Another Christmas has come and gone, and before it’s just a blur, I want to reflect on the highlights — good and bad.
This was our year to celebrate at my parents’ house in Jonesboro, which is always fun. My brother and his wonderful family live in Jonesboro, too, so it’s perfect.
My mom always makes everything look so festive, with special touches everywhere, including beautifully decorated Christmas trees that have decades-old family ornaments mixed with new ones.
As I write this, we have been back only one night, and I don’t even have my treasures all unpacked.
It isn’t Christmas until my mother says, “This is a sin,” or a similar sentiment. Our tendency to go overboard on presents is a longstanding tradition that my mother swears every year that we’re going to stop.
My outstanding memories of this holiday include:
• A surprise gift — My husband gave me a beautiful bracelet, while I gave him socks, undershirts, khakis (that didn’t fit) and a fleece pullover. At least I did give him a pair of socks that said Trophy Husband on them.
• Another surprise gift — My brother and his wife and my husband and I went in on a new set of golf clubs for our older son. We gave our granddaughter, Kennedy, a kids set, and my husband included a note for her daddy that he could pick out his own. He was thrilled. Come to find out, he’d wanted a new set for years but hadn’t wanted to ask.
• More surprises — I collect signed books, and my mother got me a signed John Grisham book and a hard-to-find signed book by Bill Clinton and James Patterson. My sister-in-law gave me an awesome piece of artwork from an artist I didn’t know about but now love.
• Most sentimental gift I gave — I spent many hours making a book of photographs of my brother and me through the years. First, I had to look through 275,000 photos to pick the ones I wanted. From me holding him as a toddler to us at his high school, college and med-school graduations and recent photos, I easily filled a book. I titled it, “My brother, my friend.”
• Most sentimental gift I got — My favorite movie is The Shawshank
Redemption, based on a Stephen King novella. I can’t count how many times I’ve watched the film, and my brother loves it, too. When I had thyroid surgery, my brother was in his surgery residency in New York City and came to spend the night with me in the hospital. We watched The Shawshank
Redemption together. He got us matching T-shirts that said “Andy & Red’s Boat Rentals, Zihuatanejo, Mexico.” However, the company said they run small, and they were right. Mine fit “like a wet suit,” as my older son described it. It’s going back for a bigger size.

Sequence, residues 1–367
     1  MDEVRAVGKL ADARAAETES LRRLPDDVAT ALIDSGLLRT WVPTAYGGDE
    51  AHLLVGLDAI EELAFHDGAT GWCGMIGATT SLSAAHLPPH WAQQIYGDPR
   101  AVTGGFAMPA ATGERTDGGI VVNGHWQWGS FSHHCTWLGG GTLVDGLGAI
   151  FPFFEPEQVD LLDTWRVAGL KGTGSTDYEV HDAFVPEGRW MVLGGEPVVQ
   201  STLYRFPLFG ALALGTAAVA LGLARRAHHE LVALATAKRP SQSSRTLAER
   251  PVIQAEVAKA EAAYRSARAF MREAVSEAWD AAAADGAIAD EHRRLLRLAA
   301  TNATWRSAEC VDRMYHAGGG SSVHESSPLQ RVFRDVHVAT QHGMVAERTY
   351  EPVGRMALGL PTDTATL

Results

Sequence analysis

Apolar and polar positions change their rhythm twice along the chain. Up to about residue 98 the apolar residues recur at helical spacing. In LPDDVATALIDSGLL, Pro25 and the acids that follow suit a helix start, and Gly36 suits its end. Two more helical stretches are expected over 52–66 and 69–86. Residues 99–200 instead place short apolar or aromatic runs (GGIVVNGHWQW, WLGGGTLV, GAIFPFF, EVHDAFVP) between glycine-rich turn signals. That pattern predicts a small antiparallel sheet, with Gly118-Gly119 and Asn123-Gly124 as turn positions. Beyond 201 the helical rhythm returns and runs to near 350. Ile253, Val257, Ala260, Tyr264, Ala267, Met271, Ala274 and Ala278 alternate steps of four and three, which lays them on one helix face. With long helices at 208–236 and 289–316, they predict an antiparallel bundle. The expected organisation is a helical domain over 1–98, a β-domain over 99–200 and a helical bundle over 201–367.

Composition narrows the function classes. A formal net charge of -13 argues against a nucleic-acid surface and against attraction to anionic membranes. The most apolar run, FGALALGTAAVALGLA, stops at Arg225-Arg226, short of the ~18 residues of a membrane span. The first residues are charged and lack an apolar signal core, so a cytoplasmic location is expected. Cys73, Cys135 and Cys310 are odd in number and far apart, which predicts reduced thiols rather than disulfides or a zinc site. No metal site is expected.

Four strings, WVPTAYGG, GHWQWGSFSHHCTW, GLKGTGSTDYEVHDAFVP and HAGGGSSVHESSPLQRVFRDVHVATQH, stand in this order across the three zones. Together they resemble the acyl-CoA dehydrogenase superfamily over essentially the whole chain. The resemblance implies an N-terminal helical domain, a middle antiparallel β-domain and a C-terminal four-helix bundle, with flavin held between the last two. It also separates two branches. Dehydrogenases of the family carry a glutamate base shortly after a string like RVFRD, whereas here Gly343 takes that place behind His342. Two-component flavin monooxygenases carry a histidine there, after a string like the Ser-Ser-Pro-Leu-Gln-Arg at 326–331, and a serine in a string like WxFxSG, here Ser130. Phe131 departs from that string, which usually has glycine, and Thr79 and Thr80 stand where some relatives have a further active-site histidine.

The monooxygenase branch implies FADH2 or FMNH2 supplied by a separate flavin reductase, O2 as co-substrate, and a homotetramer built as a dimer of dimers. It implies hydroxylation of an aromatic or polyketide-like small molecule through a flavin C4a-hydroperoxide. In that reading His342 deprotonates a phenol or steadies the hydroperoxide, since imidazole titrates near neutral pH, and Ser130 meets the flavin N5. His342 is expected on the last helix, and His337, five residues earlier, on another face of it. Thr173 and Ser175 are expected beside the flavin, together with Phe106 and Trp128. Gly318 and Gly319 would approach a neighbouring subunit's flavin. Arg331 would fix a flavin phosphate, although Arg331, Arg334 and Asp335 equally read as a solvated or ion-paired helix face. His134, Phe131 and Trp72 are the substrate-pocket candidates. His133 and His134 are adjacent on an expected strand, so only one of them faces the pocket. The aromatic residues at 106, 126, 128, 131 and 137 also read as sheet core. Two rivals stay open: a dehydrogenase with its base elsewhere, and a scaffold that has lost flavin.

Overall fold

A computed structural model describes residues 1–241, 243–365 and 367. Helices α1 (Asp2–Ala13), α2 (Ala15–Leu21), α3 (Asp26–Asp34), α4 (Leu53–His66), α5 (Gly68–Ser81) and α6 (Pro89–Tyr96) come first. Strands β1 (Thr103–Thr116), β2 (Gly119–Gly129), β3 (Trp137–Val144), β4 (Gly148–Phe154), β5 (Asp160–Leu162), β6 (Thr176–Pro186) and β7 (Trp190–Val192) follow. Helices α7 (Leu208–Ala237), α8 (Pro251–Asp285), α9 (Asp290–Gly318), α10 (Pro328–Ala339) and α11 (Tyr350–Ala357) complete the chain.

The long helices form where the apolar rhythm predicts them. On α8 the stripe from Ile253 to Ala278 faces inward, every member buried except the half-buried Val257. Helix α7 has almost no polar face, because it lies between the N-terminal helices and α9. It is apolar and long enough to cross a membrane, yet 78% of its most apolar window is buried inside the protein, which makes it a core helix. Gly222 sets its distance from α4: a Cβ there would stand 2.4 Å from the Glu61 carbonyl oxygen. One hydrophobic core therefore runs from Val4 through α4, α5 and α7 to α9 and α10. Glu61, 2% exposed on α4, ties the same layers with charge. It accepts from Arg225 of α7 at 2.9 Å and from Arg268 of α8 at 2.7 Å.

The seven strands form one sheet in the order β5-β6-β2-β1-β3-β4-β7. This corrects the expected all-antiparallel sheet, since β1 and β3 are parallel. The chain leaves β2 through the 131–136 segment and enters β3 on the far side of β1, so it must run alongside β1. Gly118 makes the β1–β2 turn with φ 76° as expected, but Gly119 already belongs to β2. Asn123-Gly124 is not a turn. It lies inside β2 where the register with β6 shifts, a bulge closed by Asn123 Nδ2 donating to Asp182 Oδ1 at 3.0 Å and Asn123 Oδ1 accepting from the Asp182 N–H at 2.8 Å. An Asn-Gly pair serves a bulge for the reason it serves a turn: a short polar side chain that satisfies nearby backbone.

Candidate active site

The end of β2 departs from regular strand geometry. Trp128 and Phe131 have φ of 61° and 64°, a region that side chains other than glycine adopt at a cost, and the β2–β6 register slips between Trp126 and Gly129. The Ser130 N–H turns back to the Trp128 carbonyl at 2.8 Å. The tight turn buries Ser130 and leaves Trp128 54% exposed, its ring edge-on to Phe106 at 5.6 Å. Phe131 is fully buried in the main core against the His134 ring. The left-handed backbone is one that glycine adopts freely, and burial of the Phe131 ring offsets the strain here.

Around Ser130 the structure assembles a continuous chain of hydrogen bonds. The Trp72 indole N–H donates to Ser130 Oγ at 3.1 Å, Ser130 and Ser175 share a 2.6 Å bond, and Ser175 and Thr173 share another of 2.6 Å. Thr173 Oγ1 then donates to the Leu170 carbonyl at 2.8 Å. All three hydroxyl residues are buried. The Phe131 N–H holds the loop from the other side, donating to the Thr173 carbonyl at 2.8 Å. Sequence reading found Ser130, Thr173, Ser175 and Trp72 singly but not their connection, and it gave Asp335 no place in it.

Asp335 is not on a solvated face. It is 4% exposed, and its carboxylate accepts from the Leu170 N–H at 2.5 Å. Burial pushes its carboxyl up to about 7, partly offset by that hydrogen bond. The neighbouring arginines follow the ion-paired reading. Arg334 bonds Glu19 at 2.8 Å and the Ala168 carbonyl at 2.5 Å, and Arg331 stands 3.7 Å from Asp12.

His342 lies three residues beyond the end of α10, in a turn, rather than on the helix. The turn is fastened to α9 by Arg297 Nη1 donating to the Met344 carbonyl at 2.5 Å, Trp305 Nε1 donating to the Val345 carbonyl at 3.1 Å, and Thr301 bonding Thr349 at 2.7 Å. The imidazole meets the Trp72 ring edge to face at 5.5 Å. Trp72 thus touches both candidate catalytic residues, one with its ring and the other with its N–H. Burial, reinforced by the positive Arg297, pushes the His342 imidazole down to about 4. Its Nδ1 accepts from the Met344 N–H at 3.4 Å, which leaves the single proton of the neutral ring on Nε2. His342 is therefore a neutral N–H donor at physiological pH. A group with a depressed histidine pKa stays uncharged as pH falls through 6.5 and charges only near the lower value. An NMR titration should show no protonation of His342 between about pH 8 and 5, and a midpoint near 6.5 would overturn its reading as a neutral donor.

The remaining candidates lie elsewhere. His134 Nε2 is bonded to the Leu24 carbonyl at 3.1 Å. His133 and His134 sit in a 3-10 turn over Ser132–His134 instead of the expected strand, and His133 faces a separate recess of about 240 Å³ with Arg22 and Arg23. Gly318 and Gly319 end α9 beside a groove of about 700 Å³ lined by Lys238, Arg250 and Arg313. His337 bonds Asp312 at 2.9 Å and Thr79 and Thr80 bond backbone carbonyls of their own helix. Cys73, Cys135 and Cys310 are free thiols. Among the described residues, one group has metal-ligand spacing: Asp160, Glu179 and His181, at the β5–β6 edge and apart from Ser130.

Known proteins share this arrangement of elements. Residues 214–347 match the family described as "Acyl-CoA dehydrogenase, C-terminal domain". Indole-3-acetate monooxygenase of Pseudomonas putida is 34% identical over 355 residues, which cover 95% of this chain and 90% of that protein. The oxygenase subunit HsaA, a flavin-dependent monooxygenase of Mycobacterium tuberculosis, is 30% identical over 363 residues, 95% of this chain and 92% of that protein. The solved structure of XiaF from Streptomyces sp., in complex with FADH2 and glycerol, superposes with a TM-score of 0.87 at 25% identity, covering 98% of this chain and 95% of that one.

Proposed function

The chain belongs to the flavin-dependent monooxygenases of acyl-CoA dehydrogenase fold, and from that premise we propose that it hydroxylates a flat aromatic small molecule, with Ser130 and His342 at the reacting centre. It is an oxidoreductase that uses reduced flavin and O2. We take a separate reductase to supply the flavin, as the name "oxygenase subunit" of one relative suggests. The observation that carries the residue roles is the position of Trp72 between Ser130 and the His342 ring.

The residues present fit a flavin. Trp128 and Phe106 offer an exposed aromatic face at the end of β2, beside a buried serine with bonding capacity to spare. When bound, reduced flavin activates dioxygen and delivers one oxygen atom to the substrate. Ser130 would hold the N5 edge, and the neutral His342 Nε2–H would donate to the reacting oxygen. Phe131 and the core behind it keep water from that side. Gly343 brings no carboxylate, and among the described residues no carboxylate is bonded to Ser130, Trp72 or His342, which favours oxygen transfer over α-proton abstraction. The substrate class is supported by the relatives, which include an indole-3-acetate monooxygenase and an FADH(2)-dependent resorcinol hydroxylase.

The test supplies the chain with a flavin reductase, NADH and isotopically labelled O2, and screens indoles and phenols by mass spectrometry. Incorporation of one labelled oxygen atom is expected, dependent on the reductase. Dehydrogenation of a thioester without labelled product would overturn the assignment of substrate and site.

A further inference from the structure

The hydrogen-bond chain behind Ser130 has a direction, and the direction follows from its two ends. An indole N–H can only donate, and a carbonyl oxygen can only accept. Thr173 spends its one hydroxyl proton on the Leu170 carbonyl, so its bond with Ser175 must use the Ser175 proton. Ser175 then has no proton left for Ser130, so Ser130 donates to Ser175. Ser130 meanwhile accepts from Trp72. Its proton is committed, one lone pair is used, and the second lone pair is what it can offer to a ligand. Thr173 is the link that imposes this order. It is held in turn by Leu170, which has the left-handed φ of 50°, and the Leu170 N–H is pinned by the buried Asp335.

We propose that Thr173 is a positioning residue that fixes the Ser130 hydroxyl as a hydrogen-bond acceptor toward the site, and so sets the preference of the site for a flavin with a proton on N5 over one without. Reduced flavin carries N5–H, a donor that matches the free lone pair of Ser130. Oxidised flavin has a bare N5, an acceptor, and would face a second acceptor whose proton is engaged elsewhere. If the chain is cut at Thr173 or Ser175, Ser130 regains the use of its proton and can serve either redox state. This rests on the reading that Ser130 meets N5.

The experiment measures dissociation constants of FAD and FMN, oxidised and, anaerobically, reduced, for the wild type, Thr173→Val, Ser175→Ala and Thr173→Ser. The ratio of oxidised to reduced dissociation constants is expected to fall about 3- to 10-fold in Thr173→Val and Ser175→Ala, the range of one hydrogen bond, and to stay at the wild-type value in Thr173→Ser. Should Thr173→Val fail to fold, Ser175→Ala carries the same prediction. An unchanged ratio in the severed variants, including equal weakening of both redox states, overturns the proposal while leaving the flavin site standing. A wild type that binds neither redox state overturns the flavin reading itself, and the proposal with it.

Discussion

Also, my son and daughter-in-law got David and me books, “My Grandma” and “My Grandpa,” which have questions about our lives so that Kennedy will understand more about us and who we are. I will try not to embellish.
• The great stocking search — My mother has replaced our stockings a few times over the years as her decorating style has changed, or when we’ve added people to the family. On Christmas Eve, she couldn’t find my husband’s stocking. He got his stuff in a Walmart sack. Don’t feel sorry for him; she helped buy him an Apple watch, and I’m pretty sure she likes him better than she likes me.
• The excitement of children — My nephews exclaimed when they ripped paper off prized presents such as Legos, Paw Patrol and Dude Perfect merchandise. Kennedy hugged her stuffed puppy that came with a kennel and toys and loved using the magic wand to turn the Christmas tree off and on. And it was fun watching them all run and play together.
There was some arguing, but mainly laughter, and sweet kisses from the boys to Kennedy when she cried. She leaned in and gave everybody goodbye kisses and said, “Wuv you.”
My dad taught my younger son, Scott, to make my late Nano’s sour-cream pound cake. It was my son’s idea to learn by his PawPaw’s side, and the cake turned out just perfectly, he said.
I sat by myself with a cup of coffee early Christmas morning, looking at the lighted tree and thinking about how blessed I am to have such a wonderful family.
There are some things that can’t be bought, and those are the best memories of all.
Senior writer Tammy Keith can be reached at (501) 327-0370 or firstname.lastname@example.org.